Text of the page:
Media Center

Press Release


  September 28, 2007

Through an updated security agenda, the Organization of American States (OAS) has been actively engaged in helping the region tackle major security challenges of illegal trafficking in drugs, weapons trafficking, transnational organized crime, the emergence of non-state criminal networks, economic dislocations and natural disasters.

Ambassador Albert R. Ramdin, the OAS Assistant Secretary General, underscored these and other issues as he addressed today’s session of the 2007 Annual Legislative Conference Issues Forum of the Congressional Black Caucus Foundation. Convened by Congresswoman Yvette Clarke (D-NY), the session on “Homeland Security, Terrorism and the Caribbean” focused on Third Border, Container Security and Megaports Initiatives, and drew participation from more than 100 representatives of the African American community from across the United States.

Ramdin opened the session highlighting the major security challenges and noting how, based on the new security agenda launched by the OAS member states at a 2002 meeting in Barbados, the hemispheric body has strengthened the work of its Inter-American Drug Abuse Control Commission (CICAD), the Inter-American Convention against the Illicit Manufacture of and Trafficking in Firearms, Ammunition and Other Related Materials (CIFTA), the Inter-American Committee on Terrorism (CICTE), activities of the Department of Public Security and new initiatives to strengthen cooperation among national governments and international organizations.

Ambassador Ramdin concluded his remarks by seeking to stimulate discussion during the session on proposals concerning: strengthening law enforcement; increasing the sharing of intelligence; recognizing cross border ramifications of national threats; enhancing cooperation between the Caribbean nations and the US states bordering the Caribbean region; and increasing investment in social policies to combat criminality and poverty, especially among youth.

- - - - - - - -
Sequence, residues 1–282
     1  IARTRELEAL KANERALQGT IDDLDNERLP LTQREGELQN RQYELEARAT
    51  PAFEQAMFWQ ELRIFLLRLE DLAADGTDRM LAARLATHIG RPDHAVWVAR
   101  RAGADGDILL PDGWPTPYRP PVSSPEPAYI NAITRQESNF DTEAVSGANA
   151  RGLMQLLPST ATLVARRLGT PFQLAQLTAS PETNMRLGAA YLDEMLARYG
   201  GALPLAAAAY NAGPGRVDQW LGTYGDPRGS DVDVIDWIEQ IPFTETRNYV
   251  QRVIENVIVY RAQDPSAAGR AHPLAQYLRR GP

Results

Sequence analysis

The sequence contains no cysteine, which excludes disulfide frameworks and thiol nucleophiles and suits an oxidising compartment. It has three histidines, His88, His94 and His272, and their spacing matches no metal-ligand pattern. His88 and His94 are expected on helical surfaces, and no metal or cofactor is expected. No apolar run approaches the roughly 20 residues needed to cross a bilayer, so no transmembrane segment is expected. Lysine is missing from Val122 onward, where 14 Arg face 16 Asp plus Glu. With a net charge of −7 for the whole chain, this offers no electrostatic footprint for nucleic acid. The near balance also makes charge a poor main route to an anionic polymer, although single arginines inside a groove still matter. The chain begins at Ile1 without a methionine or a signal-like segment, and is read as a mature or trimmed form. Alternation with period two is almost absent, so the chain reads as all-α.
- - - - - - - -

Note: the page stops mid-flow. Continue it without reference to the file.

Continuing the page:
Among the recommendations emanating from the questions and answer period, was the need for: (a) Caribbean governments to design and cost a comprehensive multidimensional security program as the basis for formal discussions with the US government; (b) sustained collaboration between the management of correctional facilities in the region; (c) field research on the impact in “receiving countries” of the repatriation of criminals from the USA.

The session included presentations by diplomats from the Embassies of Barbados, Jamaica and Trinidad and Tobago as well as specialists on ports security, economic development in the Caribbean, crime prevention and security cooperation.

Reference: E-242/07